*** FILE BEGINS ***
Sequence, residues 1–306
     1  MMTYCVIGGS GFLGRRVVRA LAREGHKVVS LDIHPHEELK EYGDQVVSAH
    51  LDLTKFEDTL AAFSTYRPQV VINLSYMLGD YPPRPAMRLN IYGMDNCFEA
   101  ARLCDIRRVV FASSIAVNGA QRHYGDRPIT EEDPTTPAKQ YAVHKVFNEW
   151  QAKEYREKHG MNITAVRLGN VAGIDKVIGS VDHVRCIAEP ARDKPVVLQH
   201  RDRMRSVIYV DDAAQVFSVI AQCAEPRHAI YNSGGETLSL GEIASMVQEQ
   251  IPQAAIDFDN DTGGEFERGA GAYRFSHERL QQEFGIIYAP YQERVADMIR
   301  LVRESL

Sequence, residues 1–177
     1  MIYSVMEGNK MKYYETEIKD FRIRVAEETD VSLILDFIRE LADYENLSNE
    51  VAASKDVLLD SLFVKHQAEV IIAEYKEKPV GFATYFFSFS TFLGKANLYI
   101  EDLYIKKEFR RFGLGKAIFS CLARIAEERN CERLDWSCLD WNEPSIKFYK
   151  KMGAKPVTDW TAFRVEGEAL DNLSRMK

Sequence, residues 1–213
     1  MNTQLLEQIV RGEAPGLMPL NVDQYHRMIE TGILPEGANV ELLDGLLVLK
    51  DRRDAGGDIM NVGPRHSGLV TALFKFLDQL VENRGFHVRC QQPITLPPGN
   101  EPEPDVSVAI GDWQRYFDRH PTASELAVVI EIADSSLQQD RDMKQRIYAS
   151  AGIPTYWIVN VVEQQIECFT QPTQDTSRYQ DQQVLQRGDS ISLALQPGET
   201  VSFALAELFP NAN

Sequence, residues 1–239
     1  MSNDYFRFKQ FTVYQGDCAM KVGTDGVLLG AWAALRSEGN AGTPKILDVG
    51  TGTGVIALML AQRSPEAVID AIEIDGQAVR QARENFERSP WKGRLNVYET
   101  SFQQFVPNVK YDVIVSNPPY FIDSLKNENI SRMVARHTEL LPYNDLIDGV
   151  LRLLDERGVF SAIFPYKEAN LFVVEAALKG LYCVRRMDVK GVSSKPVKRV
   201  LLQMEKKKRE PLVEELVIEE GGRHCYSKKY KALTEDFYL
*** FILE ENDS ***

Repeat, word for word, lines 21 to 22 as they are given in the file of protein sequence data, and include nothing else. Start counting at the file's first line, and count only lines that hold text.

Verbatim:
     1  MSNDYFRFKQ FTVYQGDCAM KVGTDGVLLG AWAALRSEGN AGTPKILDVG
    51  TGTGVIALML AQRSPEAVID AIEIDGQAVR QARENFERSP WKGRLNVYET